Blog 3: Downloading Mindfulness: App or OS?
I often wonder- is the primary tool that many of us use to stay connected with each other and the world also the primary thing that is pulling us away from showing up and being present for our lives?
I can see it in so many places today, and certainly in my own behavior. I notice people averting their eyes down into a screen of some kind, engaging with incredibly powerful technology that for many might as well be magic for the little they understand of how it works. We do whatever it takes to get away from feelings of disconnect and discomfort and hope to find solace in the digital worlds we create for ourselves through our screen time. Or, since I am being encouraged to use I-statements, dare I say, that -I- hope to find solace in the digital worlds I create for myself? That -I- am doing whatever it takes to get away?
As these tools become more complex and widespread, so too does the way we (I) think about ourselves in relation to them. I observe that many of us have undergone a process of seeing our lives, and the identities we build within them, as a collection of apps installed onto an operating system. It looks something like: Cathleen’s operating system is Christian, and all of the activities and relationships she engages with are apps installed onto her Christian OS. And even, Beni's operating system is Jewish, therefore...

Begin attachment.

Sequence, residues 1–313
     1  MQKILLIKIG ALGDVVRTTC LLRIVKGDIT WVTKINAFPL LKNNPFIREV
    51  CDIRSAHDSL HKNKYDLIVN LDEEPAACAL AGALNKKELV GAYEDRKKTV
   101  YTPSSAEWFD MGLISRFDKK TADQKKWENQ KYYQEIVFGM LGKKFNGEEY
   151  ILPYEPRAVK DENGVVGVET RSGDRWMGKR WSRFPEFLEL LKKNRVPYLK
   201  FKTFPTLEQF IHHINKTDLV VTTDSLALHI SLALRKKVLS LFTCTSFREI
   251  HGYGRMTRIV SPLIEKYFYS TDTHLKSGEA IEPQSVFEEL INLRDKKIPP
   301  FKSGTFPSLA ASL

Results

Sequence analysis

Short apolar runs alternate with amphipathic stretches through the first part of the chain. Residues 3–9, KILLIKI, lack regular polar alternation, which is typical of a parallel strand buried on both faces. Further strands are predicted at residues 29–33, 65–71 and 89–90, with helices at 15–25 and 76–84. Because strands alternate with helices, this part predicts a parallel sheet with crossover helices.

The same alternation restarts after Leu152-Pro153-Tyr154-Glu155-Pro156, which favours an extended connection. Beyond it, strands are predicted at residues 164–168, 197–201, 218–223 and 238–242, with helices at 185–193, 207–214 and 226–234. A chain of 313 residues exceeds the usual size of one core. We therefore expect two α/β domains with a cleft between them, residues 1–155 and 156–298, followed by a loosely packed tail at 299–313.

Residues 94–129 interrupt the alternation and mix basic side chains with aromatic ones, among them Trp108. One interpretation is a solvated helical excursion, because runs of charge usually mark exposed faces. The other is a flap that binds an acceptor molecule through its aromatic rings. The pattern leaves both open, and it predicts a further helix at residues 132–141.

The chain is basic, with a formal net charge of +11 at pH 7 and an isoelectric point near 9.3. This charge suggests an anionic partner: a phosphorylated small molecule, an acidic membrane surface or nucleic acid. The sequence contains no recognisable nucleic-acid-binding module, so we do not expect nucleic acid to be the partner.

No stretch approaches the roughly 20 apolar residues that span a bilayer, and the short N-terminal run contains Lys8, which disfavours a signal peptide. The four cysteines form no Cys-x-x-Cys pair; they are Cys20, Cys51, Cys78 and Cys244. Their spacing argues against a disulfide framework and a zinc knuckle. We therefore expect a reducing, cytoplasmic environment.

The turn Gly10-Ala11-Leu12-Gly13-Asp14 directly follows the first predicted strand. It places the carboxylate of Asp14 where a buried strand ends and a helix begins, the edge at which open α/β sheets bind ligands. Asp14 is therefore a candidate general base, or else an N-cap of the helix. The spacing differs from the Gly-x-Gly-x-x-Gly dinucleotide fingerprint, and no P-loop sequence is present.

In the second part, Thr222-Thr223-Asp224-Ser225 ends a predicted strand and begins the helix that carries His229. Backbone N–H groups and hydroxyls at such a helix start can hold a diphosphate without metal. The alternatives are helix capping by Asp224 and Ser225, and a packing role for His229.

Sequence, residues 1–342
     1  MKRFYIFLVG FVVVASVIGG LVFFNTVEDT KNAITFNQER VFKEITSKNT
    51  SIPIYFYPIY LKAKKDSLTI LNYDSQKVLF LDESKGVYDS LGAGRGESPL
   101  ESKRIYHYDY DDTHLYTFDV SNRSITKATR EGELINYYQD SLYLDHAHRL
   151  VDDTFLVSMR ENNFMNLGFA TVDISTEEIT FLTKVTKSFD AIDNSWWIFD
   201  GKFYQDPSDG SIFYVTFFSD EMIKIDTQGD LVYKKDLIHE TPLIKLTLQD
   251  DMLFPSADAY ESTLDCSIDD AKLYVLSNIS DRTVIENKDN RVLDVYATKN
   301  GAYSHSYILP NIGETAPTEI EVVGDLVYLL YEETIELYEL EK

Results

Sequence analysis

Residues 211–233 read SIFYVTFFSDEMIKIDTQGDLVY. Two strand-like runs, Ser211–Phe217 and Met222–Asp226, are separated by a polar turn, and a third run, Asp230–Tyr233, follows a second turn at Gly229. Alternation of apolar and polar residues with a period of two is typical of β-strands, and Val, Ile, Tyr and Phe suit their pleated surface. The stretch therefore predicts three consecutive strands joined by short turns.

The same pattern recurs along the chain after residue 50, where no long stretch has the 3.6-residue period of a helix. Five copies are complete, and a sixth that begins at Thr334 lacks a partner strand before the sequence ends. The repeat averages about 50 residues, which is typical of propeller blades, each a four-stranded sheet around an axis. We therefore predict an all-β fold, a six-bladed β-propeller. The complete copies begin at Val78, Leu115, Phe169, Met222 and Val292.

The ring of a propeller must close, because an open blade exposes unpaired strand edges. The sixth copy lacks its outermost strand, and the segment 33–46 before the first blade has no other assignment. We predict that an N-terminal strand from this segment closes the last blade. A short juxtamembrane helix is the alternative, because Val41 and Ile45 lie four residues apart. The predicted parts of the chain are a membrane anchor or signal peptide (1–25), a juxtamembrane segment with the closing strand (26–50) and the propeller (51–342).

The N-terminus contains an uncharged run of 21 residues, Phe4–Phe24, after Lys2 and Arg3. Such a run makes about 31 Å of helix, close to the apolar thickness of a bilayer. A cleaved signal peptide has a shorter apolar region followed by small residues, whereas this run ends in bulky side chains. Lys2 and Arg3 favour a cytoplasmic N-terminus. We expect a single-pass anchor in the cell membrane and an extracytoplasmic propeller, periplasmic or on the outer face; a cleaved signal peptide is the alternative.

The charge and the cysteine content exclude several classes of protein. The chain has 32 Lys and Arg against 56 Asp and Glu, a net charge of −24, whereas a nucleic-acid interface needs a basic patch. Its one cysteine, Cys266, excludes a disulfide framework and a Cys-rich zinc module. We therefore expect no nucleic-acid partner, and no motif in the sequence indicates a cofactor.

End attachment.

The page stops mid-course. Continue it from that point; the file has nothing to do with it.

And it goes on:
When thinking aloud about mindfulness and meditation before a Toolbox session, I asked Gena whether mindfulness was more akin to an OS or an app? Is it the thing we install our lives onto, or is it something we try to open at least once a day but does not impact much outside of its time? Is it a group of activities or is it actually more a way of being in the world that colors all activities we engage with?
How do you see mindfulness in your life?
Is it like an app? An OS?
Are you offended at the suggestion that humans can be compared to computers so easily…!
Write in the comments section below. This is a question I’ve been thinking about for a while, and I’d love to hear everyone’s ideas!
Beni Summers is an educator and youth specialist working in the greater Boston area. He holds the title of Moreh Ruhaniyut (hebrew: Spiritual Teacher) for a vibrant intergenerational community, and hosts weekly meditation and learning opportunities from his home. He is an avid soccer fan, a singer and community builder. He is pursuing a Graduate Certificate in Mindfulness Studies at Lesley University and is working towards Craftsmen level meditation teaching as a part of Mindful Boston.